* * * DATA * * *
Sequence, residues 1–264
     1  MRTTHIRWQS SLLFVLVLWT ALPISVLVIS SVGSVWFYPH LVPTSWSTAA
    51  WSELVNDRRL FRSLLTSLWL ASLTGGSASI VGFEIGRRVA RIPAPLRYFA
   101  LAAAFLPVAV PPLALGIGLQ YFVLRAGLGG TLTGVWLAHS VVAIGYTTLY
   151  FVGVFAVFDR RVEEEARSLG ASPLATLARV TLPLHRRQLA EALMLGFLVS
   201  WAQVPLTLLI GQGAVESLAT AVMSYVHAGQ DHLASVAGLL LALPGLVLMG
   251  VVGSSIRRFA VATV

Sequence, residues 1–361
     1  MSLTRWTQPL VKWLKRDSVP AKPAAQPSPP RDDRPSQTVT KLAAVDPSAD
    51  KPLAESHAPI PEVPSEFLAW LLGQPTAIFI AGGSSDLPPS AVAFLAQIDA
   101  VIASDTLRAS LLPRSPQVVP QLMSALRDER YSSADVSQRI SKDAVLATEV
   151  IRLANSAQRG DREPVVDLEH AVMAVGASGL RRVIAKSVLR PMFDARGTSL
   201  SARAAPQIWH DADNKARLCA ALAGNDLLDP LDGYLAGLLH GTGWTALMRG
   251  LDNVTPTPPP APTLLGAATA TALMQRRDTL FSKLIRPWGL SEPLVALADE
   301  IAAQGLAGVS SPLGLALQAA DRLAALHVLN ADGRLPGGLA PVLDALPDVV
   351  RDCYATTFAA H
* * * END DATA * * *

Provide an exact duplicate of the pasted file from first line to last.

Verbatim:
Sequence, residues 1–264
     1  MRTTHIRWQS SLLFVLVLWT ALPISVLVIS SVGSVWFYPH LVPTSWSTAA
    51  WSELVNDRRL FRSLLTSLWL ASLTGGSASI VGFEIGRRVA RIPAPLRYFA
   101  LAAAFLPVAV PPLALGIGLQ YFVLRAGLGG TLTGVWLAHS VVAIGYTTLY
   151  FVGVFAVFDR RVEEEARSLG ASPLATLARV TLPLHRRQLA EALMLGFLVS
   201  WAQVPLTLLI GQGAVESLAT AVMSYVHAGQ DHLASVAGLL LALPGLVLMG
   251  VVGSSIRRFA VATV

Sequence, residues 1–361
     1  MSLTRWTQPL VKWLKRDSVP AKPAAQPSPP RDDRPSQTVT KLAAVDPSAD
    51  KPLAESHAPI PEVPSEFLAW LLGQPTAIFI AGGSSDLPPS AVAFLAQIDA
   101  VIASDTLRAS LLPRSPQVVP QLMSALRDER YSSADVSQRI SKDAVLATEV
   151  IRLANSAQRG DREPVVDLEH AVMAVGASGL RRVIAKSVLR PMFDARGTSL
   201  SARAAPQIWH DADNKARLCA ALAGNDLLDP LDGYLAGLLH GTGWTALMRG
   251  LDNVTPTPPP APTLLGAATA TALMQRRDTL FSKLIRPWGL SEPLVALADE
   301  IAAQGLAGVS SPLGLALQAA DRLAALHVLN ADGRLPGGLA PVLDALPDVV
   351  RDCYATTFAA H